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Author Topic: Eastern Tennessee Seismic Zone Activity  (Read 2333 times)

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Offline bugalou

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Eastern Tennessee Seismic Zone Activity
« on: June 26, 2019, 04:12:58 PM »
Activity for Eastern Tennessee Seismic Zone



Offline Dyersburg Weather

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Re: Eastern Tennessee Seismic Zone Activity
« Reply #1 on: June 26, 2019, 05:02:47 PM »
Iíve often wondered how the landscape would change when the big one happens.

Offline Charles L.

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Re: Eastern Tennessee Seismic Zone Activity
« Reply #2 on: June 26, 2019, 06:54:25 PM »
Iíve often wondered how the landscape would change when the big one happens.

Georgia would lose more water and hate us even more.
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Offline mamMATTus

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Re: Eastern Tennessee Seismic Zone Activity
« Reply #3 on: June 26, 2019, 08:18:51 PM »
I wish that I had taken plate tectonics/seismicity and Geology of Tennessee but sadly those were electives only offered once every 2 years and didn't fit into my schedule. Plus I was more into Soils, Geomorphology and Environmental. Still a good decision for my career though.

Offline Liberty4dayz

Re: Eastern Tennessee Seismic Zone Activity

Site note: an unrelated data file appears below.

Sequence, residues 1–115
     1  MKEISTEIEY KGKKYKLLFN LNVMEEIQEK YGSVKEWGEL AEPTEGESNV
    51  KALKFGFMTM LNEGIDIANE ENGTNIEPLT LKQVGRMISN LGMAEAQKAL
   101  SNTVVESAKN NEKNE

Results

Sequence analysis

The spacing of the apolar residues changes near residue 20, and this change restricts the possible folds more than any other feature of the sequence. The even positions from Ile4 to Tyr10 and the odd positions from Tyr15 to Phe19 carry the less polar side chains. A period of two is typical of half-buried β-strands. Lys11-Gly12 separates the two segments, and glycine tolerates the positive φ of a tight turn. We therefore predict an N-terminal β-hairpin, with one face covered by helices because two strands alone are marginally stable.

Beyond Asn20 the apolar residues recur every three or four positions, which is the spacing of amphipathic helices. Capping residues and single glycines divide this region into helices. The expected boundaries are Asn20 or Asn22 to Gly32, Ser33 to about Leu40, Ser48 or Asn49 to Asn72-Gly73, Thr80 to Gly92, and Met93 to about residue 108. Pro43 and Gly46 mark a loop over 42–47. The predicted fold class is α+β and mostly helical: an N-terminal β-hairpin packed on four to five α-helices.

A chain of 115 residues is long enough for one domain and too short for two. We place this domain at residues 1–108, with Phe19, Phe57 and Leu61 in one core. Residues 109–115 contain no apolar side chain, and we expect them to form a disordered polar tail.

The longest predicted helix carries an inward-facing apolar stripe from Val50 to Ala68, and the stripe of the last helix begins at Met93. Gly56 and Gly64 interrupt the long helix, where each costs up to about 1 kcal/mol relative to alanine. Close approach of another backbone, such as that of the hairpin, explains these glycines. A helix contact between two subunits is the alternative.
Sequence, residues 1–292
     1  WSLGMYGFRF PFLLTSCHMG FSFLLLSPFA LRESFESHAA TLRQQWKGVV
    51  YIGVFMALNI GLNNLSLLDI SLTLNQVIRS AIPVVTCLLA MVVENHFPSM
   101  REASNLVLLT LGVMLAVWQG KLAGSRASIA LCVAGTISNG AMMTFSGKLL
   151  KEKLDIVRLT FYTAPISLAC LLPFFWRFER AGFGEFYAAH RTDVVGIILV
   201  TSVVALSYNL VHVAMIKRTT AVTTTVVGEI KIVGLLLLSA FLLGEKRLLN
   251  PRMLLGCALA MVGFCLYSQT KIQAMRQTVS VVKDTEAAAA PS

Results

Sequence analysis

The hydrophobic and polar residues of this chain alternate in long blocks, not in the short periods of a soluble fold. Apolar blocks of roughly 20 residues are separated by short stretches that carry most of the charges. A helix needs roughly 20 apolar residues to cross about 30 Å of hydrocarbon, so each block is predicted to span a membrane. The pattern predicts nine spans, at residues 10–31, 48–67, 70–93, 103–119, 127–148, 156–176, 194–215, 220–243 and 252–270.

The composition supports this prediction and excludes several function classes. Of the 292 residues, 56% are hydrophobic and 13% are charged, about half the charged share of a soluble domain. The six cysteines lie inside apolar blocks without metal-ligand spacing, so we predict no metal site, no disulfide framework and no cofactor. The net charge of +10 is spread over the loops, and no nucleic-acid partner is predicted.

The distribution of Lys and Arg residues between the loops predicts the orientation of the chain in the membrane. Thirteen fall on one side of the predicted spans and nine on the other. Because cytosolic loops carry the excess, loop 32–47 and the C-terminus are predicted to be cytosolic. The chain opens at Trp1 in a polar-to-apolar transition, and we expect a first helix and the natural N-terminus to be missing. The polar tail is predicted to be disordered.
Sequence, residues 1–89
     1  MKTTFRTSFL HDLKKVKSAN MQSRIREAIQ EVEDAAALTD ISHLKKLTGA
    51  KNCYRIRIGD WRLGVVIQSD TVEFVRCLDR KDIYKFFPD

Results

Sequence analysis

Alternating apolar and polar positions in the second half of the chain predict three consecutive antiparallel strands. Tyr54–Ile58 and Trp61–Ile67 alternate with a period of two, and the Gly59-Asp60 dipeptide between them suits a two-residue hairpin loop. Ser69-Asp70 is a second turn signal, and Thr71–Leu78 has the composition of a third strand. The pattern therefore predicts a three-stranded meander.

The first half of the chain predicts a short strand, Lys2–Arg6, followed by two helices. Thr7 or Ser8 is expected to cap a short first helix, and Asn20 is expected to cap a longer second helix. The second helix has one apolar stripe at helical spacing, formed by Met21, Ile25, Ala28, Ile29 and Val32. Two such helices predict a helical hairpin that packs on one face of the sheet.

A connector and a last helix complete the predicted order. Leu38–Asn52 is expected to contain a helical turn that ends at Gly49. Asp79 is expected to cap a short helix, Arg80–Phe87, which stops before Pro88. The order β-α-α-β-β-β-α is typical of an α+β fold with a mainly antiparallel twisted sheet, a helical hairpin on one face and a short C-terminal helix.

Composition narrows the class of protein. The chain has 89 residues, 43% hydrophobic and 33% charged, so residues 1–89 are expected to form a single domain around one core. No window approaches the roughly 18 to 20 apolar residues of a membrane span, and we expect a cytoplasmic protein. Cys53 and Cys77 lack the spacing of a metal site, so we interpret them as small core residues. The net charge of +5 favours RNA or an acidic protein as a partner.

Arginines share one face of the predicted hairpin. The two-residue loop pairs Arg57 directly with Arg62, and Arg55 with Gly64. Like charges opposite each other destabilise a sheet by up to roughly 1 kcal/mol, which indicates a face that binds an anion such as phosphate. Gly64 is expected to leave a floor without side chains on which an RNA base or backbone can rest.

« Reply #4 on: July 03, 2019, 02:09:25 PM »
I was born and raised in the Bootheel of Missouri.  I often wonder when the big one will happen.  Crazy to think about the fact that the strongest earthquake in the lower 48's history was right where I was from


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Offline Greyhound

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Re: Eastern Tennessee Seismic Zone Activity
« Reply #5 on: January 20, 2020, 01:19:15 PM »
Just had an earthquake in the Knoxville area.  Felt around Papermill area, as well as Halls and Fountain City.  Pretty good shake!!!  So I'm sure it was felt in other areas as well.

ETA - 3.6 magnitude, approximately 6 miles from LaFollette.
« Last Edit: January 20, 2020, 01:22:38 PM by Greyhound »

Offline cgauxknox

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Re: Eastern Tennessee Seismic Zone Activity
« Reply #6 on: January 20, 2020, 01:24:14 PM »
It apparently didn't make it as far as Cedar Bluff as we didn't feel or hear anything, but it's rare to have anything right here in the city. 


Post Merge: January 20, 2020, 07:33:37 PM
News this evening is updating today's event to a 3.8.
« Last Edit: January 20, 2020, 07:33:37 PM by cgauxknox, Reason: Merged DoublePost »

Offline cgauxknox

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Re: Eastern Tennessee Seismic Zone Activity
« Reply #7 on: January 27, 2020, 09:34:25 AM »
Local news says South Knoxville had a little magnitude 1.9 this morning.  Didn't feel it west of town but things have been rather active this month.

Offline cgauxknox

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Re: Eastern Tennessee Seismic Zone Activity
« Reply #8 on: August 09, 2020, 08:22:55 AM »
I'm seeing social media posts from friends further east in Tennessee that they felt the 5.1 magnitude quake that happened near Sparta, NC this morning. That's a good size shake for this part of the world and it seems it was felt over a broad range.

Offline bugalou

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Re: Eastern Tennessee Seismic Zone Activity
« Reply #9 on: August 09, 2020, 01:48:42 PM »